“When the angels had gone away from them into heaven, the shepherds began saying to one another, ‘Let us go straight to Bethlehem then, and see this thing that has happened which the Lord has made known to us.’”Luke 2:15
It was December of 1865. Phillips Brooks, minister of the Trinity Church in Boston, made a trip to the Holy Land. He visited Bethlehem, the location that tradition dictates is the birthplace of our Savior. In what was still a sleepy little town in those days, the view of that Judean hill country from 2,600 feet above sea level began to inspire a song:
O little town of Bethlehem,
how still we see thee lie;
above thy deep and dreamless sleep
the silent stars go by:
yet in thy dark streets shineth
the everlasting Light;
the hopes and fears of all the years
are met in thee tonight.
Brooks was a tall man with a big heart and an intense love for Christ and the people to whom he ministered. He finally penned the words two years later and Lewis Redner, the church’s organist, put the text to music. His children’s Sunday School department sang it for the first time soon after.
How effectively the text takes us back to the spot where Mary “brought forth her newborn son…and laid him in a manger” (Luke 2:7). What made Bethlehem so special? This famed “City of David” was also known as Ephrath, Bethlehem Judah, or Bethlehem Ephrathah. Its name literally means “house of bread,” and it’s no wonder that the “Bread of Life” would be born there. Nearby, Abraham’s wife Rachel is buried. Ruth came there from Moab with her mother-in-law, Naomi, and became the center of one of the most endearing stories in Scripture. Her great-grandson, Jesse, gave birth to David there, and Samuel anointed David as king in this town.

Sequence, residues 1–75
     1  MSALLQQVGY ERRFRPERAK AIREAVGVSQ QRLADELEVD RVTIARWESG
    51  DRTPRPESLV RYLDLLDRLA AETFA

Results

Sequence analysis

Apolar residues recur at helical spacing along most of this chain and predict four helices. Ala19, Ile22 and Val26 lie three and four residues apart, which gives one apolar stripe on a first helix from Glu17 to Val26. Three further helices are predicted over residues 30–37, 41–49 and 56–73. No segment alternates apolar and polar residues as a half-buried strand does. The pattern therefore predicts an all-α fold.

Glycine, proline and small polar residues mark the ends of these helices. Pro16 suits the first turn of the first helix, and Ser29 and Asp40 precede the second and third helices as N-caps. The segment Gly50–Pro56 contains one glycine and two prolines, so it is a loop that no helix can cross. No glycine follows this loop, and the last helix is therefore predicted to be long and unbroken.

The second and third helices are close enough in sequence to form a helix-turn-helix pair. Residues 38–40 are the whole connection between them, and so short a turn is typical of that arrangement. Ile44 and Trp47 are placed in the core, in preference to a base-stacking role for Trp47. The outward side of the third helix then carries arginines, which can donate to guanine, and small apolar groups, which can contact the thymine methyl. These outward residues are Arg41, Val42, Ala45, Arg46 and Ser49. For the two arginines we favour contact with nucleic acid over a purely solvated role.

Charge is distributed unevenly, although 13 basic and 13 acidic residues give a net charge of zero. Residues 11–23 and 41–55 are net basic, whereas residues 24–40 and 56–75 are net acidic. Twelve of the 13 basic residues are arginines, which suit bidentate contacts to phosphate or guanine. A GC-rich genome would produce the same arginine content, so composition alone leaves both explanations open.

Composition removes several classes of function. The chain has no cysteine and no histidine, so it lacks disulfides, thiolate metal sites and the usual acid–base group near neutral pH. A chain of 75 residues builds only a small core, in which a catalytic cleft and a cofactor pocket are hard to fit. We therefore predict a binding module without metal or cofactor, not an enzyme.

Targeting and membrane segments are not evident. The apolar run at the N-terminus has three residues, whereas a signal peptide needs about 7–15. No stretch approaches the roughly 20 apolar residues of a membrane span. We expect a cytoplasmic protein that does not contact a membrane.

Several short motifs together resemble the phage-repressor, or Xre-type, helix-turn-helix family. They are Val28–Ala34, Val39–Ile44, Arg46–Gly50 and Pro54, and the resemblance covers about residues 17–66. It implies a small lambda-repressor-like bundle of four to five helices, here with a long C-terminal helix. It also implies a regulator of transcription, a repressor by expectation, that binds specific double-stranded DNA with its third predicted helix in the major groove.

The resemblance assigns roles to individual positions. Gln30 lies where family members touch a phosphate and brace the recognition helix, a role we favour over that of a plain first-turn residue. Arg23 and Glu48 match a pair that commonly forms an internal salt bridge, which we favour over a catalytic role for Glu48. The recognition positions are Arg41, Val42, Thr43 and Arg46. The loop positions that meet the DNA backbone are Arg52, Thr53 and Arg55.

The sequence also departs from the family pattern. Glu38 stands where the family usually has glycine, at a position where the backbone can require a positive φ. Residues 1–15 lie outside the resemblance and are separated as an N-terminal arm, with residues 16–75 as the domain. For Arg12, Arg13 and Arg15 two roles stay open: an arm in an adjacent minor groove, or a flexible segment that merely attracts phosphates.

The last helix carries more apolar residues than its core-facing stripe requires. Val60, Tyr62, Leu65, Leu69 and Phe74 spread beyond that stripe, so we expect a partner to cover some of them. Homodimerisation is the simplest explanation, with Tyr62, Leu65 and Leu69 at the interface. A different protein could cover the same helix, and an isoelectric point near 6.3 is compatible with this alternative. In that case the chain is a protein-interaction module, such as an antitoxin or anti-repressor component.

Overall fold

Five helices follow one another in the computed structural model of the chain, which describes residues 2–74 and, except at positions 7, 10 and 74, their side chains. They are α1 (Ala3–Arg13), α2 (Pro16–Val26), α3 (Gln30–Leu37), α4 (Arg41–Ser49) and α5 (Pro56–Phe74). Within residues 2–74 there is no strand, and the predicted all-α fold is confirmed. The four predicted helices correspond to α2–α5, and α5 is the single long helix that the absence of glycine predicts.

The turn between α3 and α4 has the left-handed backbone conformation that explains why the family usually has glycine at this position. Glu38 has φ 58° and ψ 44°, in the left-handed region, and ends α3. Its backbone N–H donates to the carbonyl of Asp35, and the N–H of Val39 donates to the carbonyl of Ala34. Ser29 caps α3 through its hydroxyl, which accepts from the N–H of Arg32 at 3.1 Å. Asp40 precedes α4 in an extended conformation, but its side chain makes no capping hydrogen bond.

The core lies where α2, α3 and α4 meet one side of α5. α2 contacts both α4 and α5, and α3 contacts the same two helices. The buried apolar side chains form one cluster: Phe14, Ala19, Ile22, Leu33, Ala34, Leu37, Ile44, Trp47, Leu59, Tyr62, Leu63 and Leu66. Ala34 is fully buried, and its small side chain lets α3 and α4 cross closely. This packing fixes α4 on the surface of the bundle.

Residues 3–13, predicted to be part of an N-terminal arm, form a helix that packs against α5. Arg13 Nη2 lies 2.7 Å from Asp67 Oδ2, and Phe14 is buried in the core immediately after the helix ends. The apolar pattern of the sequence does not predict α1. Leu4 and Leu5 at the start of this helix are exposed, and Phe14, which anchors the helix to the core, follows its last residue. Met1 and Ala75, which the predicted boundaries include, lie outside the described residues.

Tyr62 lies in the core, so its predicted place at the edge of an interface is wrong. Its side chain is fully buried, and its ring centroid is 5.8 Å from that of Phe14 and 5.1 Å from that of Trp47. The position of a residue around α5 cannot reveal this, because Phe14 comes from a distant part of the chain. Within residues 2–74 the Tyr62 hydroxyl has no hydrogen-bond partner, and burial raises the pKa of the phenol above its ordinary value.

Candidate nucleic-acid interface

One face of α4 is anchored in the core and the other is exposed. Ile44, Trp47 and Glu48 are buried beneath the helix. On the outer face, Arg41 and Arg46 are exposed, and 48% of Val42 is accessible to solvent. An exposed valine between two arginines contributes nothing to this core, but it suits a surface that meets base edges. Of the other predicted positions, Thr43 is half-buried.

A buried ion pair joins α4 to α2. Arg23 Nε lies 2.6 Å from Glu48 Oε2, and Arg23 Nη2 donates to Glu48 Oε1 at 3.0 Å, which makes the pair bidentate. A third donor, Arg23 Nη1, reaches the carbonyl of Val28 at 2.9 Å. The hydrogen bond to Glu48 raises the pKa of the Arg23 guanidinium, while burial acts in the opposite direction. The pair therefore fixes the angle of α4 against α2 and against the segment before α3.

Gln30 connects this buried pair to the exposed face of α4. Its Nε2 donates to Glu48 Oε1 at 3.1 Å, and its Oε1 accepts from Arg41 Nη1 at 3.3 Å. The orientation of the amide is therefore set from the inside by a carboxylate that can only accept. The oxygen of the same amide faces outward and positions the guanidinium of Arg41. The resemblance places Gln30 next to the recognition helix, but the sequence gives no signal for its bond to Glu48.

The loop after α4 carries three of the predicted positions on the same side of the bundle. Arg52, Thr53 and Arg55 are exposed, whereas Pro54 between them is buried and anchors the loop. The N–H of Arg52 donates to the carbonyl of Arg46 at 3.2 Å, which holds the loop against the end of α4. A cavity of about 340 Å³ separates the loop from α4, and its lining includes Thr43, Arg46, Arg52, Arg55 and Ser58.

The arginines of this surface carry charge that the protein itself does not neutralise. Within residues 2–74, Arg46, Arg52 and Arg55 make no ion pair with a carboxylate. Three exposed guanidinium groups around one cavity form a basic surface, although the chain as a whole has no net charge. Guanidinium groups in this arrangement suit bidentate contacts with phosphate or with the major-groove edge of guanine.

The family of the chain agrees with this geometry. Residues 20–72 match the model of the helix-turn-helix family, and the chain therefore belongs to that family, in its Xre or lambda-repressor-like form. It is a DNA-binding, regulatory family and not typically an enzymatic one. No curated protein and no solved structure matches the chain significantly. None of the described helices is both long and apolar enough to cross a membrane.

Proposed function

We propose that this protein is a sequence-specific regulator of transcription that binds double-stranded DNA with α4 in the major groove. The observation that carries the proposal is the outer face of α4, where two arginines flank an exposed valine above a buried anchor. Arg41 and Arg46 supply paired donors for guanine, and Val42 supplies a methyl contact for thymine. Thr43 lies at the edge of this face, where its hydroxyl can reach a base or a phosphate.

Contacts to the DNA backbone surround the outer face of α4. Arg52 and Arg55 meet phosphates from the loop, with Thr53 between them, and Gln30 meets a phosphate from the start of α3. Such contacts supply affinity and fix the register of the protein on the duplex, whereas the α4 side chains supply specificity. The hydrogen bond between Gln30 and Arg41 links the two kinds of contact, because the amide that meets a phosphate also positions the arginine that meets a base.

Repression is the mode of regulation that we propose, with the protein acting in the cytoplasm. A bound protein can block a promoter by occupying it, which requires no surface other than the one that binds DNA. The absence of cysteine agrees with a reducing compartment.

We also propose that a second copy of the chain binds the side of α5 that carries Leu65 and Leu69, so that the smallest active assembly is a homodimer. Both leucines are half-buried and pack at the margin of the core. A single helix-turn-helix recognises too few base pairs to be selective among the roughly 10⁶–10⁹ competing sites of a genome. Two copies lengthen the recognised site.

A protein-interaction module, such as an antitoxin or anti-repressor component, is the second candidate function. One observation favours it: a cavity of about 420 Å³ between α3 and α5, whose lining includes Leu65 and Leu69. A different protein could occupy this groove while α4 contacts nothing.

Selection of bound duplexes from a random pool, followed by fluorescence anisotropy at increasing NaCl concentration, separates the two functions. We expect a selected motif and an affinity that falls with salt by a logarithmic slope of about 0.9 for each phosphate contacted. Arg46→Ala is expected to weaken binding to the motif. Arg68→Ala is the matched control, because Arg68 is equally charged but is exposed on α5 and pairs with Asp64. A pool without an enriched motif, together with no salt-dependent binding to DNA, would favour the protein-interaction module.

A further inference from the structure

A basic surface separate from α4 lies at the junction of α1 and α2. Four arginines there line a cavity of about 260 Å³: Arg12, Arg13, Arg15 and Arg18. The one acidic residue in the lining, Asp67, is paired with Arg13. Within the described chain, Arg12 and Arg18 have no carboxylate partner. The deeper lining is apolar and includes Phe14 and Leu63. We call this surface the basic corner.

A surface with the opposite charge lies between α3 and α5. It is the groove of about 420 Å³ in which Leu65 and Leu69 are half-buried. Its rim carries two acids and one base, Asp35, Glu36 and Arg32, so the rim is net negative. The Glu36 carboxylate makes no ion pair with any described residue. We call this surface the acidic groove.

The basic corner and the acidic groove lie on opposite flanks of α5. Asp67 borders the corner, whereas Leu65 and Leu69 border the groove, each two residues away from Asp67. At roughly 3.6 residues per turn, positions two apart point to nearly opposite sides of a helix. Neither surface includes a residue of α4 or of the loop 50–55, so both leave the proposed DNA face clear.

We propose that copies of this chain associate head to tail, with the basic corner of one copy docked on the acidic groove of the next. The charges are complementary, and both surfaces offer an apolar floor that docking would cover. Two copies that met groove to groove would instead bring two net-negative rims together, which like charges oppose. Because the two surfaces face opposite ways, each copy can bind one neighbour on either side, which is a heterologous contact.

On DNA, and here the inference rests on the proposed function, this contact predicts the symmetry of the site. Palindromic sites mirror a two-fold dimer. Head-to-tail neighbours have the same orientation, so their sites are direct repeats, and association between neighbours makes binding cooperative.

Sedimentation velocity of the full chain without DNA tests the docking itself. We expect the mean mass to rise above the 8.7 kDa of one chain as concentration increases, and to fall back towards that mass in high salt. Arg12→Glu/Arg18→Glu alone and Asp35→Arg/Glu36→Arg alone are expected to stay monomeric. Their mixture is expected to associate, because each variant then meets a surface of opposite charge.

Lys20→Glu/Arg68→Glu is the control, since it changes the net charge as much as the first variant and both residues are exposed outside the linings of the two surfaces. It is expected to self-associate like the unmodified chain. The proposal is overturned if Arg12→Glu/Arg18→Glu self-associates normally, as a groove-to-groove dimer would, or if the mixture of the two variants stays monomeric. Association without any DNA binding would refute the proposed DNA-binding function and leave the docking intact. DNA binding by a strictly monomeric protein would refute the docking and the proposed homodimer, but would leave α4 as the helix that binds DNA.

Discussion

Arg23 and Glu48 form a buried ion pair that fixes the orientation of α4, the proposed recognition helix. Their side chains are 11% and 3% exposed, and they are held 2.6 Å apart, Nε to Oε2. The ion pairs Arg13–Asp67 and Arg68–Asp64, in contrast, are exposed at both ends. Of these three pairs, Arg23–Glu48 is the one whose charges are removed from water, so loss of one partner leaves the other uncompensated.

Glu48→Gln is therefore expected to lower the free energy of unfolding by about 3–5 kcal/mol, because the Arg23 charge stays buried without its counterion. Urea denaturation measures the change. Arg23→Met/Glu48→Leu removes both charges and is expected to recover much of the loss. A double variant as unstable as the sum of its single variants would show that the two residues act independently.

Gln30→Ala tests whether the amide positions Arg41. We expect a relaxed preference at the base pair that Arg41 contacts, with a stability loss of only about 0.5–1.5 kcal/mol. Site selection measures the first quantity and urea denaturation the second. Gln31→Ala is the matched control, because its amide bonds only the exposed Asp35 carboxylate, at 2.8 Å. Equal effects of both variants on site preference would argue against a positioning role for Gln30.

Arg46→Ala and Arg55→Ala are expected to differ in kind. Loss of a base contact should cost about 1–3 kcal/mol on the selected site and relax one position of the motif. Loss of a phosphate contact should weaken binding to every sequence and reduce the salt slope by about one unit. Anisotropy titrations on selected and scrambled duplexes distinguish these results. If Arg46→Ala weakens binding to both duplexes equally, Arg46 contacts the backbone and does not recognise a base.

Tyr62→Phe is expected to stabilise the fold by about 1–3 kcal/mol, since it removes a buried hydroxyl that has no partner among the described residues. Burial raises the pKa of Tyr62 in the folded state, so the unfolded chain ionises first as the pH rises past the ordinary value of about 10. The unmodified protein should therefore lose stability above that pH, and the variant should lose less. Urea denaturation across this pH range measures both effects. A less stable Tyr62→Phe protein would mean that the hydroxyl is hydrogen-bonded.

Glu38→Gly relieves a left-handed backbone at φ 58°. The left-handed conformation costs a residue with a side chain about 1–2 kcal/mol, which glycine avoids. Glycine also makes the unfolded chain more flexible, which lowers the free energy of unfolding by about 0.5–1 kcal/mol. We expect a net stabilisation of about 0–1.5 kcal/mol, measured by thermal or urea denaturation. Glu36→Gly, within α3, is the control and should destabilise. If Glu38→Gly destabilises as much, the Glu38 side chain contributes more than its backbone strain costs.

So why Bethlehem? Why appear to shepherds?
Much of the surrounding wilderness area was little use for anything except pastureland. David was a shepherd, and when someone needed to find him, he was usually out in the fields. It was shepherds—likely out in those same fields—who witnessed the angelic light show proclaiming Christ’s birth, immortalizing this little village for all time in the Christmas story.
In their book Why a Manger, Brodie and Brock Thoene point out that being only five miles south of Jerusalem made Bethlehem the primary source of sacrificial lambs. Week after week, year after year, generations of shepherds tended sheep in those fields, setting aside the unblemished firstborn of the flock to be sent to Jerusalem for sale to temple worshippers. It’s no coincidence that the “lamb of God, who takes away the sin of the world,” (John 1:29) would be brought forth in a manger…in a stable…in Bethlehem.
We sense Pastor Brooks’ evangelistic heart in the prayer embedded in the last stanza of this beautiful carol:
O holy child of Bethlehem,
descend to us, we pray;
cast out our sin and enter in;
be born in us today.
We hear the Christmas angels
the great glad tidings tell;
O come to us, abide with us,
our Lord Emmanuel!